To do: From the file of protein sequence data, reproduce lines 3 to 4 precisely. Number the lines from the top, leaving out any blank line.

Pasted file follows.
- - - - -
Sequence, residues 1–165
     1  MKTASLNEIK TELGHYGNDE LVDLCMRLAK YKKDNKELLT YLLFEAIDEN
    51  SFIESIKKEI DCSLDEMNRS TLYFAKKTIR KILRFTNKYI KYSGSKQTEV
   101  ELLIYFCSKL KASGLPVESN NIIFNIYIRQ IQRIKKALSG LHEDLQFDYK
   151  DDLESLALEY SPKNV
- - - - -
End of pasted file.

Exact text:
    51  SFIESIKKEI DCSLDEMNRS TLYFAKKTIR KILRFTNKYI KYSGSKQTEV
   101  ELLIYFCSKL KASGLPVESN NIIFNIYIRQ IQRIKKALSG LHEDLQFDYK